Overall Rating Gold - expired
Overall Score 72.63
Liaison Karen Oberer
Submission Date Aug. 22, 2016
Executive Letter Download

STARS v2.1

McGill University
OP-22: Water Use

Status Score Responsible Party
Complete 0.29 / 4.00
"---" indicates that no data was submitted for this field

Level of ”Physical Risk QUANTITY” for the institution’s main campus as indicated by the World Resources Institute’s Aqueduct Water Risk Atlas:
Low to Medium

Total water use (potable and non-potable combined):
Performance Year Baseline Year
Total water use 1,732,000 Cubic Metres 1,800,000 Cubic Metres

Potable water use:
Performance Year Baseline Year
Potable water use 1,732,000 Cubic Metres 1,800,000 Cubic Metres

Start and end dates of the performance year and baseline year (or three-year periods):
Start Date End Date
Performance Year May 1, 2015 April 30, 2016
Baseline Year Jan. 1, 2014 Dec. 31, 2014

A brief description of when and why the water use baseline was adopted:

The water use baseline was adopted in 2014 when the Ministry of Education required all postsecondary institutions to establish a water use baseline.


Figures needed to determine "Weighted Campus Users":
Performance Year Baseline Year
Number of students resident on-site 3,260 3,122
Number of employees resident on-site 15 15
Number of other individuals resident on-site and/or staffed hospital beds 0 0
Total full-time equivalent student enrollment 32,225.60 31,755
Full-time equivalent of employees (staff + faculty) 6,750 6,979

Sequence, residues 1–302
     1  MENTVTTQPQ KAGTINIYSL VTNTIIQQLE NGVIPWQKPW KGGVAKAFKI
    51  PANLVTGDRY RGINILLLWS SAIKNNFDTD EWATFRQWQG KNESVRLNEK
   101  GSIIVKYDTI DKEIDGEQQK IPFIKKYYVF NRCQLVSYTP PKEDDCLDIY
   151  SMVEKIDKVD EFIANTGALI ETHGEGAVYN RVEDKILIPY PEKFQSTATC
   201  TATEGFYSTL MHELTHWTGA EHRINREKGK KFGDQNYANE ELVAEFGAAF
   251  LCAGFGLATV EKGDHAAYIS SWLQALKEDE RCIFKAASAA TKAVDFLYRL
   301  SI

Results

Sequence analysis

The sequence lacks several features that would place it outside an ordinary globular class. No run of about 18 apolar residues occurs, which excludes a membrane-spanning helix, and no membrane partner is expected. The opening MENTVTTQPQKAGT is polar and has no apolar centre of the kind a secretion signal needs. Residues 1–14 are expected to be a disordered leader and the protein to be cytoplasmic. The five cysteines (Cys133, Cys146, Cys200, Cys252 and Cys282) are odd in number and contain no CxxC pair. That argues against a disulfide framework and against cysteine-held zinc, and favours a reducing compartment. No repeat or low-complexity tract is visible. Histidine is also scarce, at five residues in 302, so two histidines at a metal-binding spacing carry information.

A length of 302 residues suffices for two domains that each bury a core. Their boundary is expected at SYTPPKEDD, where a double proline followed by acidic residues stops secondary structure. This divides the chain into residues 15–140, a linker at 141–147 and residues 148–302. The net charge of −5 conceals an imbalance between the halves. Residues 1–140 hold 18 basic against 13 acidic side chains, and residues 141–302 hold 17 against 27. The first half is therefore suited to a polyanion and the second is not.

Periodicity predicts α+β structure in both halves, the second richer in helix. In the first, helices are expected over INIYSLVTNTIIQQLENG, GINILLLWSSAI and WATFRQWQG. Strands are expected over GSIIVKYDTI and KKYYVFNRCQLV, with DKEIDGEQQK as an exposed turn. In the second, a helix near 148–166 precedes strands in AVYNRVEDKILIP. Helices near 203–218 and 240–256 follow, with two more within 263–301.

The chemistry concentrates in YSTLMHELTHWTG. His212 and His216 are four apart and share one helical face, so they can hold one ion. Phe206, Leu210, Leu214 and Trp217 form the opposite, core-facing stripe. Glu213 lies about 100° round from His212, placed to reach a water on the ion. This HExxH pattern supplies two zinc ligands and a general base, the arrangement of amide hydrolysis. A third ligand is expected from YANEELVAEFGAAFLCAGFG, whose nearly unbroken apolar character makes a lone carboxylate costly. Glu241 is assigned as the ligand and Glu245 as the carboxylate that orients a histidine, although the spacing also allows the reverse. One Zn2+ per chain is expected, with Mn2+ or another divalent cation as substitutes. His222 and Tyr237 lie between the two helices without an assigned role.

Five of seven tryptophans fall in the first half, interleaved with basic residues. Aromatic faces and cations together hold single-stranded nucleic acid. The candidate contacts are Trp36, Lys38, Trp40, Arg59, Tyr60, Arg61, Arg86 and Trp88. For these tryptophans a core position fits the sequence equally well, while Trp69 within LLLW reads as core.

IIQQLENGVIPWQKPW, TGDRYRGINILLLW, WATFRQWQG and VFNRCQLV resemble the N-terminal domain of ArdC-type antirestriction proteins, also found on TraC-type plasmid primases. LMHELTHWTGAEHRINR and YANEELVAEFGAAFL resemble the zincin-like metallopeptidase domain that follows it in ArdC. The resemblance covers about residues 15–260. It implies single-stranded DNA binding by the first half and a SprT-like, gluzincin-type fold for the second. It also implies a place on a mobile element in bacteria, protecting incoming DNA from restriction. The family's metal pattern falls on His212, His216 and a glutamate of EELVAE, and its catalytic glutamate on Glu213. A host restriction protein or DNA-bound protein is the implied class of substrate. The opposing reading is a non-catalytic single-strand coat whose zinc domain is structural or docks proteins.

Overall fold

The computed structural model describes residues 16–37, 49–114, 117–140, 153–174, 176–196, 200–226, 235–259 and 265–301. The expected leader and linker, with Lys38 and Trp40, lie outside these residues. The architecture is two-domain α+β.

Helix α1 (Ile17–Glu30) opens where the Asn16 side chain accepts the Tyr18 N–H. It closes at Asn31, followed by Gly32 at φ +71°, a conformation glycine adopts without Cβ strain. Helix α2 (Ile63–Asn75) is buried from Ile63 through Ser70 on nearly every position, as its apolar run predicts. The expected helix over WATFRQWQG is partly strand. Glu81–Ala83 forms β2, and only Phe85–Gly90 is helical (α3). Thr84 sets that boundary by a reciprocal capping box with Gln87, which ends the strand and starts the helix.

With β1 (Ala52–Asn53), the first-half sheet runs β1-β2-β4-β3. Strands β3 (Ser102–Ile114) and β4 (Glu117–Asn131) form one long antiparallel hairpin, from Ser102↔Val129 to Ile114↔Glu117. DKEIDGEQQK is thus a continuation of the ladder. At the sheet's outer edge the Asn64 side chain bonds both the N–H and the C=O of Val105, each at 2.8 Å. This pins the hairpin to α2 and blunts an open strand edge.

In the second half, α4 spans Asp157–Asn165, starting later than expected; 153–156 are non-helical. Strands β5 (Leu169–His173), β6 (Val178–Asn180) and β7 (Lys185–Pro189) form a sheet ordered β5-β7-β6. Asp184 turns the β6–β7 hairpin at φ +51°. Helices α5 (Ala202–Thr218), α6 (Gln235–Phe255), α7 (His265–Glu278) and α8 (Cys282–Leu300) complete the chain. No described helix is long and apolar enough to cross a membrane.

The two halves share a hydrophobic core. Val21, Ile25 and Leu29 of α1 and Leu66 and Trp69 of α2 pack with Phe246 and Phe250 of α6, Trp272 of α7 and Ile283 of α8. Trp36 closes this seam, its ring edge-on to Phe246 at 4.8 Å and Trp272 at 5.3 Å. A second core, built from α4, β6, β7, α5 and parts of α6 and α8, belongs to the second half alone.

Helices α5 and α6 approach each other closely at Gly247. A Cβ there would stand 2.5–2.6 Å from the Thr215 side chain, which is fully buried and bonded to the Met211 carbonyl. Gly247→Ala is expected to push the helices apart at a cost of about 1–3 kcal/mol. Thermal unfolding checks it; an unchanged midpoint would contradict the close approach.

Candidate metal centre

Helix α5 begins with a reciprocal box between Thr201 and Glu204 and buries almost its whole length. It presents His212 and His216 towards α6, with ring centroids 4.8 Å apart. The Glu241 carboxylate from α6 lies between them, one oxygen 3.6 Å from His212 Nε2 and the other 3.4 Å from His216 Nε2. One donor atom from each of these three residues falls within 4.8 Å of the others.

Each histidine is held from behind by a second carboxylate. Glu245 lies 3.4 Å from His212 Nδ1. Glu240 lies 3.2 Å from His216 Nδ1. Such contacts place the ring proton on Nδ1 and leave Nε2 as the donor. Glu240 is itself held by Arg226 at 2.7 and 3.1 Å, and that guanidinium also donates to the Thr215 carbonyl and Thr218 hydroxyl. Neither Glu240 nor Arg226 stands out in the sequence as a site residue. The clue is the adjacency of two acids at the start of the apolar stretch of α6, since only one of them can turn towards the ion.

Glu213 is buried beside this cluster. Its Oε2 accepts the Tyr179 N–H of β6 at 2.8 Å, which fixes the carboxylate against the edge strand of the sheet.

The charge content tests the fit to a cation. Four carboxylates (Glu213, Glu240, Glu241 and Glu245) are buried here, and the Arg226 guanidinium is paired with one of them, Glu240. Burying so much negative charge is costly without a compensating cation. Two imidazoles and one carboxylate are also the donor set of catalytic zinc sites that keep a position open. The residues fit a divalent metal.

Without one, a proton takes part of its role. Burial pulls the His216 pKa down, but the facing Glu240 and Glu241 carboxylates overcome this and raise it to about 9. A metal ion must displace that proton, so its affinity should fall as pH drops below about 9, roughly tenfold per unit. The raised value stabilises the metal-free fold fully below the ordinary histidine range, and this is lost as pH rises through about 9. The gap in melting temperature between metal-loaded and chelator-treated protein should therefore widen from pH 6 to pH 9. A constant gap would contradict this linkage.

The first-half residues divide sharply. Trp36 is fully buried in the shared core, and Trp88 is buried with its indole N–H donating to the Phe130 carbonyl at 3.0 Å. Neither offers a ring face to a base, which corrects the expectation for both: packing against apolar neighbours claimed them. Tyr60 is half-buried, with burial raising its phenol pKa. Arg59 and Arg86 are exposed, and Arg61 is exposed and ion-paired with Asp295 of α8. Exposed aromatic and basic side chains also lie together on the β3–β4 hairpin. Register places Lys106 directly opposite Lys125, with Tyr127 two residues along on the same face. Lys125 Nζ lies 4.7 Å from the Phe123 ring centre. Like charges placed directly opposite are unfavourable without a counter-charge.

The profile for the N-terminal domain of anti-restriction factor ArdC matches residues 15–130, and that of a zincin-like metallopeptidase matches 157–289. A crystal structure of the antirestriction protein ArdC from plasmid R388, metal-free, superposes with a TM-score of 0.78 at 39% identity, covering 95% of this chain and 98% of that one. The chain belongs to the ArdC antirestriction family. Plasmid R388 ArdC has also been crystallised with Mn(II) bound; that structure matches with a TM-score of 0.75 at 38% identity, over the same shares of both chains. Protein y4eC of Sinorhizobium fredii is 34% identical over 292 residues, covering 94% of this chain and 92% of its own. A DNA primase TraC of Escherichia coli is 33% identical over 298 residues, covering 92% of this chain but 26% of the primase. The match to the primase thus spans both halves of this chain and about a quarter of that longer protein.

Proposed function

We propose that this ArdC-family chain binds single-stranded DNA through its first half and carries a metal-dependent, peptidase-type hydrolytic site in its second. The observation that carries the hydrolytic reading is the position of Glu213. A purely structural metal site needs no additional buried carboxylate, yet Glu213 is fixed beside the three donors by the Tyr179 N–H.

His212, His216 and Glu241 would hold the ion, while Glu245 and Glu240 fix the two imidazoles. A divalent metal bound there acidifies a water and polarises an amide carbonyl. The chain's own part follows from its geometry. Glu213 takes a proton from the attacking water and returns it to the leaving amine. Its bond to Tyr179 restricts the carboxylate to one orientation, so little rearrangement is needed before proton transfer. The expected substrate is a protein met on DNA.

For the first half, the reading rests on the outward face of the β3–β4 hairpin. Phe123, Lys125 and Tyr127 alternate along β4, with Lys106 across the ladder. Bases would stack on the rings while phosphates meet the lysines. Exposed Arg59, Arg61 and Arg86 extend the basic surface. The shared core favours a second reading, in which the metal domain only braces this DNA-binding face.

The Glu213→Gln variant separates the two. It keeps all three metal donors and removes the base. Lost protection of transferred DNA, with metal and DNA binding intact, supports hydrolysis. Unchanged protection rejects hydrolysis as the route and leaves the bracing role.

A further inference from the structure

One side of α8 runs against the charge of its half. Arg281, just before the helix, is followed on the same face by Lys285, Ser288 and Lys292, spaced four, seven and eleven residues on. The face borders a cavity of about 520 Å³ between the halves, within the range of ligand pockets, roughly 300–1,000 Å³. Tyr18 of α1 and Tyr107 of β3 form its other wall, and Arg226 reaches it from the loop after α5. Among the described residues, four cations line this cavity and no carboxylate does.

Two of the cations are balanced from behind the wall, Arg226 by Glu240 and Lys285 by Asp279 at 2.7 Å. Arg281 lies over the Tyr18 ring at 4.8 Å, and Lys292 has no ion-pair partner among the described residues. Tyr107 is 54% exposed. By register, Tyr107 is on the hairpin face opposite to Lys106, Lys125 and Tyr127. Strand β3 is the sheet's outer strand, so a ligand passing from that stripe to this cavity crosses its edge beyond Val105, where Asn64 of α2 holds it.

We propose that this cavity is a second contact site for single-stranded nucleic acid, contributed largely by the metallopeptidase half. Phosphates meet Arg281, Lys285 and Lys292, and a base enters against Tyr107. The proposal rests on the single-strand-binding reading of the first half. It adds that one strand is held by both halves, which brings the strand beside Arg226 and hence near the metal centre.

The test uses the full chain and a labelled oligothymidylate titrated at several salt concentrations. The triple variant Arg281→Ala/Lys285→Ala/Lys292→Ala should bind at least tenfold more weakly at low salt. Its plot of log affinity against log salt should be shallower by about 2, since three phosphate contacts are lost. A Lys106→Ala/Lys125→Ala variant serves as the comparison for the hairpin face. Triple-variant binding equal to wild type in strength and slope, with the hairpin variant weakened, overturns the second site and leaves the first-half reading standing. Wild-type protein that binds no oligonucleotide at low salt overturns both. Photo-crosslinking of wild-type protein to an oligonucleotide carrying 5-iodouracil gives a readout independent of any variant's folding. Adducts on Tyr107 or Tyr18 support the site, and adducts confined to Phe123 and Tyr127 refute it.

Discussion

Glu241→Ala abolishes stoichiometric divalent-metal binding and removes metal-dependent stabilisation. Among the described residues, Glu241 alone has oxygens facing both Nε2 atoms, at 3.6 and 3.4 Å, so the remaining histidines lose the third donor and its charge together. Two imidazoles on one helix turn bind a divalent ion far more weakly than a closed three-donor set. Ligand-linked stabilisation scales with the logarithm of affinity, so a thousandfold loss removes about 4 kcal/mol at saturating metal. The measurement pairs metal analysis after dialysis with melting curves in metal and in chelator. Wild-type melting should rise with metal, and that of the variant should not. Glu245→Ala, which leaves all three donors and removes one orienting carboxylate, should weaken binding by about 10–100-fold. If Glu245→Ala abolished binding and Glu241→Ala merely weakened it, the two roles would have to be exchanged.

Full-time equivalent of students enrolled exclusively in distance education 32 32
Weighted campus users 30,026.45 29,810.75

Potable water use per weighted campus user:
Performance Year Baseline Year
Potable water use per weighted campus user 1,732,000 Cubic Metres 1,800,000 Cubic Metres

Percentage reduction in potable water use per weighted campus user from baseline:
4.47

Gross floor area of building space:
Performance Year Baseline Year
Gross floor area 876,704 Gross Square Metres 891,994 Gross Square Metres

Potable water use per unit of floor area:
Performance Year Baseline Year
Potable water use per unit of floor area 48.49 Cubic Metres / GSM 49.53 Cubic Metres / GSM

Percentage reduction in potable water use per unit of floor area from baseline:
2.10

Does the institution wish to pursue Part 3 of this credit? (reductions in total water use per acre/hectare of vegetated grounds):
No

Area of vegetated grounds:
Performance Year Baseline Year
Vegetated grounds 1 Hectares 1 Hectares

Total water use (potable + non-potable) per unit of vegetated grounds:
Performance Year Baseline Year
Total water use per unit of vegetated grounds 185,162,580.31 Cubic Metres / Hectare 192,432,242.81 Cubic Metres / Hectare

Percentage reduction in total water use per unit of vegetated grounds from baseline:
3.78

A brief description of the institution's water-related behavior change initiatives, e.g. initiatives to shift individual attitudes and practices such as signage and competitions: